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New "ironclad" Stadium deal reached


jletha
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23 hours ago, Doc said:

 

This is beyond dumb.  In the Bills' case, the state owns the stadium, even though the Pegulas/NFL kicked-in 40% of the cost.  

 

"Pegula" will pay a fraction of that 40% you cite.

 

 

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10 minutes ago, Mr. WEO said:

 

"Pegula" will pay a fraction of that 40% you cite.

 

 

I’m guessing you’re somewhat correct. But the owner of any business doesn’t truly ‘pay’ for the building in the end. It’s passed along to their customers in the cost of the movie ticket, dinner bill, etc. The initial investment is ‘fronted’ by the Owner, but even that portion is typically leveraged over time by investors/banks, which the Owner then pays off over time. Is there another way? 

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13 hours ago, Limeaid said:

I hope the design accounts for weather and maintenance.  Flash is fine but something solid is more important.

It's 2022, they're not going to dump a boatload of money into something that isn't feasible to maintain or keep the fans as comfortable as possible given the open air nature.

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I have a crazy theory: you'll see MORE open air NFL stadiums going forward and fewer roofed venues, except in places where the heat/cold is truly unbearable. The cost of these stadiums is getting so stupid, and outdoor football is generally a better looking and more interesting product on TV, which is where the money is. 

 

For all of the reputation for snow and wind, WNY is really not that extreme of a climate. Winter doesn't really start until January around here. 

 

Just as an example, in December 2021 the low temperature in Orchard Park, NY only dropped below 32 degrees (and that would be in the middle of the night, like 4-5 AM) a handful of times. The average high was 44 degrees for December, with a bunch of days in the high 40's and low 50's.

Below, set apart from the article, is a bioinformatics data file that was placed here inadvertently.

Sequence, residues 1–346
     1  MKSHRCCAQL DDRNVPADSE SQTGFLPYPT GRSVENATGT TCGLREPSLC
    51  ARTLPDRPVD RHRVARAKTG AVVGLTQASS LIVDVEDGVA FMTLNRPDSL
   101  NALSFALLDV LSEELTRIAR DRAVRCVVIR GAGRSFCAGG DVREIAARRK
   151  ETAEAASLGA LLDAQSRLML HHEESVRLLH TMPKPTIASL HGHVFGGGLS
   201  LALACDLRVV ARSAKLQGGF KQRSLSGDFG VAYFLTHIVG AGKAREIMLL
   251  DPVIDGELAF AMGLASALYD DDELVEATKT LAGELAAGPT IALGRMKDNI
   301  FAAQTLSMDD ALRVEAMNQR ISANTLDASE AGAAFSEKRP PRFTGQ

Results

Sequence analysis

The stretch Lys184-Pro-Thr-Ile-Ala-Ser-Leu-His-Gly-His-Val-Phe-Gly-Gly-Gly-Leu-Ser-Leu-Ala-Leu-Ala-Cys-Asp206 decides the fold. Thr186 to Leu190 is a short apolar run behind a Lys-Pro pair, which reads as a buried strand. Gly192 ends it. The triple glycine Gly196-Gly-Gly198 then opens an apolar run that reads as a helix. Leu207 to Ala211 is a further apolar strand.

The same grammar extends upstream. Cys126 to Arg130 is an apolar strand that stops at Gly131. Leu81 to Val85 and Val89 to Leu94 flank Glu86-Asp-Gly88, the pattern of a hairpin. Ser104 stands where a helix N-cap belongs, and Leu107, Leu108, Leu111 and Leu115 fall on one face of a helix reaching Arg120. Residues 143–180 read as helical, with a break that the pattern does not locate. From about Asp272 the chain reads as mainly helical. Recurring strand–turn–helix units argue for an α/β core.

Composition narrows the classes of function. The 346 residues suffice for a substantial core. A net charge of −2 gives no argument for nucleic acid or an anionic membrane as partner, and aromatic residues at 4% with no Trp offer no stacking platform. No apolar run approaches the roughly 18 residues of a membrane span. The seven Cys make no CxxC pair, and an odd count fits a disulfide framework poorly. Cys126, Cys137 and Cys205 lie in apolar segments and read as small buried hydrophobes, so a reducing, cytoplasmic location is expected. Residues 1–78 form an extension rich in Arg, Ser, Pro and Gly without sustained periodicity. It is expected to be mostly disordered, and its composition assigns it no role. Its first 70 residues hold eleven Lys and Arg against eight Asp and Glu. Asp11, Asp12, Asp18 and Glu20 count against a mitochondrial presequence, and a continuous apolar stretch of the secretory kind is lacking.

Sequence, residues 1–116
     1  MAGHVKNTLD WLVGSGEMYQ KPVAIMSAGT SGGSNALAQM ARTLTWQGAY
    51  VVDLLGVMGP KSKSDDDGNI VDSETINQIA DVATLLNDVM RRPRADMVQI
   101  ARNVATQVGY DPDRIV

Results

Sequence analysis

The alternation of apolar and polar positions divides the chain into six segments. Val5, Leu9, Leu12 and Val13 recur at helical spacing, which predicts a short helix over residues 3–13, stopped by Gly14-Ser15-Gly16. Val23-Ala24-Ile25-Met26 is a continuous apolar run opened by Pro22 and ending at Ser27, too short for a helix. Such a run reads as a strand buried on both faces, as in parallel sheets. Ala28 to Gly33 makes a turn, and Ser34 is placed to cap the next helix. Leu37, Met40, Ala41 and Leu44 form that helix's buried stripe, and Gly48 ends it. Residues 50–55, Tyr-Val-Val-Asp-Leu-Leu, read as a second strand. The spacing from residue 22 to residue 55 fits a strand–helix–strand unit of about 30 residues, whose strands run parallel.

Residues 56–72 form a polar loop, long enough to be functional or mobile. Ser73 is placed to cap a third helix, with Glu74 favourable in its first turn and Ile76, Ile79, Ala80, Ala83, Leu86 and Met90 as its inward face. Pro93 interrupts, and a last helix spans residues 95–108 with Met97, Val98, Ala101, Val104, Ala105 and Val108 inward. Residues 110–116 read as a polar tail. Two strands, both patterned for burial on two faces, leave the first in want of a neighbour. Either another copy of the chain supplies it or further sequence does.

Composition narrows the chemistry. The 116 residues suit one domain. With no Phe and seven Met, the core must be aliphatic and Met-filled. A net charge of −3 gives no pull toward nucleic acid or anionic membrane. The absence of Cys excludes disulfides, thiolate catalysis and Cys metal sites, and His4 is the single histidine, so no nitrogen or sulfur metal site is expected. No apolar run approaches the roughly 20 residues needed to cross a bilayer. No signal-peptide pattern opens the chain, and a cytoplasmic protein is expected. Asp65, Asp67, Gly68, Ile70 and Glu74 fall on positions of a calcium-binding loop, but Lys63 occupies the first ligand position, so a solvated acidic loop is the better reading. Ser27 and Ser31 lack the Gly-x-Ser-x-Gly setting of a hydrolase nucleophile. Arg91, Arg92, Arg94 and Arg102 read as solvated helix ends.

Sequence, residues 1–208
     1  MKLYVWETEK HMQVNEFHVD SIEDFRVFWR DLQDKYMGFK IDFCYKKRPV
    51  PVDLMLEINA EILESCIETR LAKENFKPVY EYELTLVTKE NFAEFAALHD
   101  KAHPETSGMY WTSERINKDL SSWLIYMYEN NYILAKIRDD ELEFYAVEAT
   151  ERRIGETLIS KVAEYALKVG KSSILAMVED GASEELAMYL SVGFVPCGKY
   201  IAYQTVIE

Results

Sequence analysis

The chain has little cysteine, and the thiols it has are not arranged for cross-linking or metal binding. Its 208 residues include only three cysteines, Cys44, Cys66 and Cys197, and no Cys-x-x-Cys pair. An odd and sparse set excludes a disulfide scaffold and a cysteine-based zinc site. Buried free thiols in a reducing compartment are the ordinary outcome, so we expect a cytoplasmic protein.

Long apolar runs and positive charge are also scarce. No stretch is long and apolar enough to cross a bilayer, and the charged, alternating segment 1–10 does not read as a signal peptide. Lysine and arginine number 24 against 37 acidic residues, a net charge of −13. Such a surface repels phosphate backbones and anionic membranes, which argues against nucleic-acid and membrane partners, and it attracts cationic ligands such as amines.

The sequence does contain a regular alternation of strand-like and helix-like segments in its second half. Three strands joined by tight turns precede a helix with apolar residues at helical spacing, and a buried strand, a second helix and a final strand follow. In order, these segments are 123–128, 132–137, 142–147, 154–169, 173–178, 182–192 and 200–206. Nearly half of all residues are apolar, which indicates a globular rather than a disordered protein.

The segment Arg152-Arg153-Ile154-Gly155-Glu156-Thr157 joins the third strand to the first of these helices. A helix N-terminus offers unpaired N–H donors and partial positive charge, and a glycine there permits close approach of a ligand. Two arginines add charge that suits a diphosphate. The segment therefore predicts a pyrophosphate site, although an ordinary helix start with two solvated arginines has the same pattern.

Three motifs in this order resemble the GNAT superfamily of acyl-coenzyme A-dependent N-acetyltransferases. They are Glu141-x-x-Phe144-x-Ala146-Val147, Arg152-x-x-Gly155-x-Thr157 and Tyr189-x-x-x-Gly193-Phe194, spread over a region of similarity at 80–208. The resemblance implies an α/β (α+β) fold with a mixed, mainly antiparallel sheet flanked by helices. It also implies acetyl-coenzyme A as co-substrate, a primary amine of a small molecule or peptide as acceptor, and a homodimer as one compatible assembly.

In December! It was 50 degrees on Christmas, and that's not so unusual these days. 

 

So you wear a coat and you're fine as a fan. For players it's even less of an issue. Anyone who does physical work outdoors knows that mid-40 degrees is actually nice weather to do certain jobs that absolutely suck when it's sunny and hot. 

 

Wind is more the issue where the stadium is, so hopefully they find a way to cut that down. A gameday in the mid 40's with a covered seating area for fans where the wind is blocked is going to be quite comfortable.

 

Snow games are actually few and far between for the Bills, which is why they are so memorable when they happen. Just ask anyone who owns a snowmobile in WNY: they use their sleds for like 3-4 weeks in late January/February and that's about it. 

 

And IF there's a "weather event" snowstorm game?

 

Ratings bonanza for the NFL! How is that a negative for the powers that be? 

 

Domes are dull, boring, and suck the life out of the atmosphere. 

 

 

Edited by TheFunPolice
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2 hours ago, SoCal Deek said:

I’m guessing you’re somewhat correct. But the owner of any business doesn’t truly ‘pay’ for the building in the end. It’s passed along to their customers in the cost of the movie ticket, dinner bill, etc. The initial investment is ‘fronted’ by the Owner, but even that portion is typically leveraged over time by investors/banks, which the Owner then pays off over time. Is there another way? 

 

I have a mortgage which I will pay a bank over time.  I'm still called a "homeowner" before I fully pay it off.  There doesn't need to be another way than that. Kroenke didn't pull out his wallet and hand his contractors 5 billion.  He financed the vast majority of it.  He's on the hook for that.

 

Of course a business owner pays for the building he/she has built--and it is payed off with the business's revenue.

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4 minutes ago, TheFunPolice said: